Press Conference by Yuji Yamamoto, Minister for Financial Services
October 31, 2006
1. Minister's Statement
Today, a bill for Money-Lending Business Control and Regulation Law amendments was approved at a Cabinet Meeting. We believe that, with this step, all possible measures deemed to be effective in providing fundamental solutions to the multiple debt problem should be implemented in a comprehensive fashion, which include applying stricter restrictions on entry into and operation of a moneylending business, introducing a framework designed to ban excessive lending by having credit information agencies know the total loan amount of each borrower, and drastically lowering the interest rate upper limit. I would like to ask lawmakers to start deliberating this bill soon and have it enacted during the current Diet session so that the multiple debt problem will be solved as soon as possible.
Concerning the moneylending business, I would like to ask more about the bill containing a series of amendment proposals that was approved at today's Cabinet meeting; what aspects of it is the government going to emphasize to gain support during the discussion in the Diet? Now that the so-called interest rate upper limit exception has been removed from the list of amendments, which, back in September, was slated to be applied, I would also like to know how you think this development will impact the discussion in the Diet or public opinion.
First of all, the problem we face now is that some lenders knowingly provide loans to borrowers with no or insufficient repayment ability and that borrowers also borrow at an interest rate so high that it is virtually impossible for them to pay, and what is of particular note is that they cannot help borrowing an unnecessary amount out of the fear of having no money, only to find themselves in the misery of being unable to repay. Currently, both sides, lenders and borrowers, lack prudence. With this in mind, I intend to approach the multiple debt problem from a perspective of clearing up such an aspect by placing the focus of discussion on encouraging prudence, naturally with a view to having the problem solved through joint efforts of the ruling and opposition parties.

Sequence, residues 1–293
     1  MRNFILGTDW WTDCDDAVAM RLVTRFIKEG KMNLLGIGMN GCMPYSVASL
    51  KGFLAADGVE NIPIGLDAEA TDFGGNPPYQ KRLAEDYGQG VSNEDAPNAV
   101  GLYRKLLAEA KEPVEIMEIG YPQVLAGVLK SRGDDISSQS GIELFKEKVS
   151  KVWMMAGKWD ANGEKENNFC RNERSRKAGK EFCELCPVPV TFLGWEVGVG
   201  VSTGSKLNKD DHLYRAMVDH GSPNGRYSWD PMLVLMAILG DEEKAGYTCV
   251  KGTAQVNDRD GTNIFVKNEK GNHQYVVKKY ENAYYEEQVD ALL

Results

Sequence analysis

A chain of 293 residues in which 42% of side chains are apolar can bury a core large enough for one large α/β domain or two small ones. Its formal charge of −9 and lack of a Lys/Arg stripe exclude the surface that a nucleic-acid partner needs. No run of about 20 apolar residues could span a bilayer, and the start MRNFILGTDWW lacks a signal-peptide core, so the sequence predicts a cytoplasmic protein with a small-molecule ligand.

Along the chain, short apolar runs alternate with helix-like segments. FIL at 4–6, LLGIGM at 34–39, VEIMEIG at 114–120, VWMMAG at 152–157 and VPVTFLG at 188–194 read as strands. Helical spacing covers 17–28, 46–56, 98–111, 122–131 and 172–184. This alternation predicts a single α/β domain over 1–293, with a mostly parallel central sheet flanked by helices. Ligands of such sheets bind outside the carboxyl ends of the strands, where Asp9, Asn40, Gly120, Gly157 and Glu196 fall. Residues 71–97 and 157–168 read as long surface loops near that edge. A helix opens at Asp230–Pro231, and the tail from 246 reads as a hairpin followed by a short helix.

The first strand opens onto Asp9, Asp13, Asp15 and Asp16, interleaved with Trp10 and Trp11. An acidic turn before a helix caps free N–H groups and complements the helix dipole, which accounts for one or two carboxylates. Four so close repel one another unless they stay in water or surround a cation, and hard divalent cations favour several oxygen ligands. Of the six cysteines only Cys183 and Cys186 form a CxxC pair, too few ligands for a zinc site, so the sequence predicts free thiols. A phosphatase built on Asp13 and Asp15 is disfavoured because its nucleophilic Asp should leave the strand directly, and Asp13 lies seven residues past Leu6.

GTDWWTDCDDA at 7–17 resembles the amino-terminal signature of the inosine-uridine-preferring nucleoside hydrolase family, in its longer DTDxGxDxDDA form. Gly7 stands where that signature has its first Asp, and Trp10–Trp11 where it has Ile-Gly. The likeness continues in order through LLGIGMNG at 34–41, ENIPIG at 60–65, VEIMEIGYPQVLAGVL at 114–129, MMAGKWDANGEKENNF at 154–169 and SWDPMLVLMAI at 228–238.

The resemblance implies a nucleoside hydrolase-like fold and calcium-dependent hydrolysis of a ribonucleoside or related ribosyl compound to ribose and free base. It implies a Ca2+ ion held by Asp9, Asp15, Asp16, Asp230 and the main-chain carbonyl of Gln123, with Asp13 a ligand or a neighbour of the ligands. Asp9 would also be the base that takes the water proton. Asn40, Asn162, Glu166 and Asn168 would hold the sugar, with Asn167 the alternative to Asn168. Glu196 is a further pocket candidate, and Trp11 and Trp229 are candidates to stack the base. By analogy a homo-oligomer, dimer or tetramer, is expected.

On the subject of the exception, it was a series of debates that caused it to be withdrawn. The first thought off the top of my head is, if the exception were to be applied, the simplicity of the bill's message, a message that the interest rate upper limit is lowered to 20%, would be somewhat weakened. From a consumer or user viewpoint, the withdrawal has, in my view, an impact of addressing what the times demand, especially in terms of taking the edge off the problem, as the 20% message will become more impressive to those who receive it.
What course will the discussion to be held during the current Diet session take as to any action intended to provide something like a safety net for those who are cut off from the opportunity to borrow, due to the removal of a step to buffer drastic changes?
One idea behind the now-withdrawn exception was to heed the possibility that some people might face the unavailability of any loans. Having designed the legislative bill to bring out a stronger message, however, we might be left with this issue. Nevertheless, partly assured by the fact that we have three years to examine the issue slowly before the relevant amendment takes effect, I feel confident that if there is a strong prospect of seeing such a situation unfold, we will be able to act to address it, thanks to the review provisions created in the proposed bill.
With respect to the problem of non-payments of medical insurance, my understanding is that today, each company will report the number of non-payment cases to the Financial Services Agency (FSA) but, reportedly, many cases of non-payments under riders were found yet again just last month. Given this turn of events, could you please give us some clue about what matters you will have insurance companies report on and focus your examination on in the future?
This is only a general statement but, if any issue is found as a result of examining their governance systems and payment management systems, I am intent on taking appropriate steps according to the specifics of the fact and other considerations, as opposed to simply looking at how large or small the number of cases of inappropriate payments is.
On a related note, having raised the same point last month in connection with similar problems that recently came to light one after another, I would also like your opinion about a point of view held by some that the FSA should have inspected their payment management systems in further depth, seeing that any incorrectness could have been detected beforehand in the course of regular supervision and inspection by the FSA.
As I previously said, this issue is related to the so-called financial product diversification as well; so, I'm expecting to see the level of our inspection efforts further improve in the future as we accumulate, among other things, more experience in inspecting similar incidents.
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